Although the Wilsons are black and the Tylers are white, Us isn’t necessarily interested in making easy racial distinctions. The Wilsons are certainly more likeable than the conceited, sleazy Tylers and their bratty twins, but Peele doesn’t draw that disparity out to the point of casting the Tylers as villains (despite their annoying qualities, Moss and Heidecker play the characters mostly for laughs). It’s nice to see the white characters as expendable and the black characters as the ones with depth for a change, but even so, the Tylers’ placement in the narrative serves a more important purpose. With Josh and Kitty, we gradually begin to see the worldly implications of the Tethered’s existence beyond the confines of the Wilson family.

One of Us‘s great strengths is that the film is able to be engaging and convincing on both micro and macro levels. As in Get Out, there are important points to be made, and the scope of its social consciousness is impressive and laudable. On the other hand, though, Us‘s commentary is undeniably murkier; whereas in Get Out the harpooning of well-meaning liberal whites is as clear as day, Us’s ambitions are less clear. What is the meaning of this doubling? What does Hands Across America have to do with anything?

There are certainly racial and class-based points being made here, what with a separate underclass of doppelgänger existing in the tunnels below, hellbent on taking their counterparts’ places. But it’s more difficult with this formidable conglomeration of elements, to compress the film into a singular narrative. This will likely be intriguing for some viewers, who will gladly sift through the ephemera in search of every last detail, but there are others who will no doubt be slightly disappointed, if not turned off, by the film’s conceptual heft.

Still, if Us takes a step back from Get Out in certain regards, it’s not roundly a worse or less fascinating film. Peele’s all-or-nothing mode renders Us somewhat bloated (a last-minute twist is compelling but arguably unnecessary), but there are other ways in which it is a confident step forward. Consider everything repurposed from horror movie history and made new: the red jumpsuits from Steven Spielberg’s Close Encounters of the Third Kind (1977), the sweeping camera and eerie twins from Stanley Kubrick’s The Shining (1980), Alice in Wonderland’s white rabbits (Tim Burton, 2010), the masked invaders of The Strangers (Bryan Bertino, 2007) and an ageless theme of doubling that calls back to Dostoevsky, Dr. Jekyll and Mr. Hyde (B. Luciano Barsuglia, 2017) and countless other works. Some of these elements are satisfying more on a purely aesthetic basis, but nothing is too overwrought as to be cheap.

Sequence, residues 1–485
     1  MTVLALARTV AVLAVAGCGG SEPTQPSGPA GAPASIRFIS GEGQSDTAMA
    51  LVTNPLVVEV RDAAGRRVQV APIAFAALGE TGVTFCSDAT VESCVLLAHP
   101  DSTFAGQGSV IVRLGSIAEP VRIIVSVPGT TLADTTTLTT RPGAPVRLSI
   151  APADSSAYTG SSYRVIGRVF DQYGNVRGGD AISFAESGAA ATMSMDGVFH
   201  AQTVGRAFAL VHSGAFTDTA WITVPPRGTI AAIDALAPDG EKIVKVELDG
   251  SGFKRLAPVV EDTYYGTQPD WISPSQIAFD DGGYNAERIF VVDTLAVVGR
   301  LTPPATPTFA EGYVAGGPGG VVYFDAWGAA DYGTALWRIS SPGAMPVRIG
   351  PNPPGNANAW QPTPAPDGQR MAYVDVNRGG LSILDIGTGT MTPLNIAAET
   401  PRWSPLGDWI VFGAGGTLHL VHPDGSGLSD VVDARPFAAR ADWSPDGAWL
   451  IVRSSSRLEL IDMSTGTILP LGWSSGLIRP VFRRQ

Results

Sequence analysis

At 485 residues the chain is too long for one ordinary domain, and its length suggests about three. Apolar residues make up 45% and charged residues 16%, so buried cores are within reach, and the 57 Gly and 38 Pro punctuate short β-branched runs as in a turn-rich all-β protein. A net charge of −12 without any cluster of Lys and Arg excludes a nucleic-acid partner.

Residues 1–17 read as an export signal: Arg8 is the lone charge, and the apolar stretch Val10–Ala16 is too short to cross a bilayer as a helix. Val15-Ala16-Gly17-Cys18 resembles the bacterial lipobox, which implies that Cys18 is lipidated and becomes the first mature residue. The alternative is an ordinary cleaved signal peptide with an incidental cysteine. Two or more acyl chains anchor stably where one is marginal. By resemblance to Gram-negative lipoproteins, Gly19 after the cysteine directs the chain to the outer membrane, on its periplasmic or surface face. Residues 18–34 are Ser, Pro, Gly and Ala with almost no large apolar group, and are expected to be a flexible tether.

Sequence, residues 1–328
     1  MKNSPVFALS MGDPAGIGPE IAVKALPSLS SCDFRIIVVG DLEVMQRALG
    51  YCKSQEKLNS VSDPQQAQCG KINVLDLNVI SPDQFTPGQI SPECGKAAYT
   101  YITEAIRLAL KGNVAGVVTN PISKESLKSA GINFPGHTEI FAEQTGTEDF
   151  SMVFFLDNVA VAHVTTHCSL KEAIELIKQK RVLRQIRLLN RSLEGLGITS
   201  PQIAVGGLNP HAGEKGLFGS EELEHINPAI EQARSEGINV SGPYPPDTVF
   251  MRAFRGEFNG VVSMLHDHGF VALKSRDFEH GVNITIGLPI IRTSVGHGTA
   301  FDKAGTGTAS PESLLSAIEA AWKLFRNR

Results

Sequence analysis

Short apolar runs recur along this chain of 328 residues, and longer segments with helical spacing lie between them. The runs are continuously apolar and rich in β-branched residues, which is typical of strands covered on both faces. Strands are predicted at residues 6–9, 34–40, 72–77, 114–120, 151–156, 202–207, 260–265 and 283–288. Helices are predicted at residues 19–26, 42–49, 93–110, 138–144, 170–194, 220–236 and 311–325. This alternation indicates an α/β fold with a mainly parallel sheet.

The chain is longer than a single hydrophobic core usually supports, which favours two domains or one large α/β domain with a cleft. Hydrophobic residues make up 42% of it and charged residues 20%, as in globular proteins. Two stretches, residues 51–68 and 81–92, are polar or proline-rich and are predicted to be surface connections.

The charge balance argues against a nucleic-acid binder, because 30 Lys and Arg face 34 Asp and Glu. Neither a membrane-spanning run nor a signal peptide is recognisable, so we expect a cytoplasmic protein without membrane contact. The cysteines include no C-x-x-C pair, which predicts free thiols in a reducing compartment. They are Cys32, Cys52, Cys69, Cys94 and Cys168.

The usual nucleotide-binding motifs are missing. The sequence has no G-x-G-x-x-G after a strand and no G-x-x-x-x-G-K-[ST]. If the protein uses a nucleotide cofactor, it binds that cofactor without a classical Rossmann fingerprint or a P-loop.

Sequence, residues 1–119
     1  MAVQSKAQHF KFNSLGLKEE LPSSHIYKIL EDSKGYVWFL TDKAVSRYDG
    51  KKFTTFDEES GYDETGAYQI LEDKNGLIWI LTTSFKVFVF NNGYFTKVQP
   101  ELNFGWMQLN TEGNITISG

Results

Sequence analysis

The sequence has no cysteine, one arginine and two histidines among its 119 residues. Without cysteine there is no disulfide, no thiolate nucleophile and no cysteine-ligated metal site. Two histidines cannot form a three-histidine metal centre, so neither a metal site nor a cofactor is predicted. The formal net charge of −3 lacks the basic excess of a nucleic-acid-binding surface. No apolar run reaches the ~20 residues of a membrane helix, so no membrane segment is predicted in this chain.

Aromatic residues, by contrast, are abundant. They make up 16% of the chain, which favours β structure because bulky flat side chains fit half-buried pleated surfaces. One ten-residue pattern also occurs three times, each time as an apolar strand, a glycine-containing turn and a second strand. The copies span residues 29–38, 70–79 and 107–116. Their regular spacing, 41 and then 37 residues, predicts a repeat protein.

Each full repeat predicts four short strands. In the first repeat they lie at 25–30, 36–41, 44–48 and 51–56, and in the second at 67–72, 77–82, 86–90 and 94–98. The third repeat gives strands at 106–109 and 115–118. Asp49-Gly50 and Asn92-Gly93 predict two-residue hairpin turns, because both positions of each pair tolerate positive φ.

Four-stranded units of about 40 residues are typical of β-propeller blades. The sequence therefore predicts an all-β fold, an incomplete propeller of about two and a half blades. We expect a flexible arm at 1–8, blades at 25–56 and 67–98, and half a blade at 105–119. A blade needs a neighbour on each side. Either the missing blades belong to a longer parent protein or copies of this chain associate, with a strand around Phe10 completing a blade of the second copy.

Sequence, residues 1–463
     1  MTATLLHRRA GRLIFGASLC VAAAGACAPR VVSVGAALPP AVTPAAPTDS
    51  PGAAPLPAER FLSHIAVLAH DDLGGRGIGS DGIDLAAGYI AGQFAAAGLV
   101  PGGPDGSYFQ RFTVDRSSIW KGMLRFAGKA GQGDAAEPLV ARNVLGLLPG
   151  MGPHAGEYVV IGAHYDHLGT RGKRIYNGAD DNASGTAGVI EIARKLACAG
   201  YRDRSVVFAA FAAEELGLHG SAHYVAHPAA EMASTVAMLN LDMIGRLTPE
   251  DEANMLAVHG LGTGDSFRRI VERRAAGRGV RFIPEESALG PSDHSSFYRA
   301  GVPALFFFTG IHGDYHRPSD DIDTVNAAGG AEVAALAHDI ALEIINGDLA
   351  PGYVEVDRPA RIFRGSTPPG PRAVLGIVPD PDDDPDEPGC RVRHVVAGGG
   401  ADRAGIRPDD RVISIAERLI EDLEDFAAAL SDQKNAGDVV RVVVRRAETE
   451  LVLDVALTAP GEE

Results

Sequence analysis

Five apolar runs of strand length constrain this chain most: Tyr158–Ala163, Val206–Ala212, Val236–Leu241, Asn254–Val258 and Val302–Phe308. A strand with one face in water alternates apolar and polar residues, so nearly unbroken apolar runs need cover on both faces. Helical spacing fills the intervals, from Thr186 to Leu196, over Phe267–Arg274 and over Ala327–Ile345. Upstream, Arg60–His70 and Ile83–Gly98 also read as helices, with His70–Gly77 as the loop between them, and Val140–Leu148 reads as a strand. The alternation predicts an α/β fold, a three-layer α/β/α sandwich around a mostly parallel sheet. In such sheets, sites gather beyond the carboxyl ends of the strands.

Then there’s Hands Across America, which, by the end of the film, becomes possibly the most important reference in the film’s trove. In 1986, approximately 6.5 million people held hands and created a human chain across the contiguous United States. With the film’s Tethered, we have a reenactment of sorts. Aerial camera views show thousands of red jumpsuits, across fields, beaches and mountains, as the Wilsons contemplate what amounts to a sort of coming apocalypse. Although much of the film’s action comes at night, it’s in the daylight that everything comes together. (Cinematographer Mike Gioulakis finds something especially unsettling about the sun and the beach, and his work here will no doubt make a lasting mark on horror cinema for years to come.) But with this impossibly long human chain also comes Peele’s most inspired bit of writing. Us, it seems, can also come to mean the US, or the United States. After all, when asked who she and her family are, Red makes it explicit: “We’re Americans.”

It seems the best way to enjoy Us, when all is said and done, is to absorb rather than decode. Sure, the dense work begs analysis, but if the film has a weakness it’s that a closer look doesn’t necessarily arouse a more satisfying understanding of the work at hand. Instead, Us is likely a force best reckoned with in the long term. As with Inception (Christopher Nolan, 2010) or Donnie Darko

(Richard Kelly, 2001) it’s poised to eventually stand for something much larger than it does today — in coming years, look for it at midnight cinemas near you. As for what it all means, let’s just hope we can get to a point where that matters less than what it reckons with on a carnal level.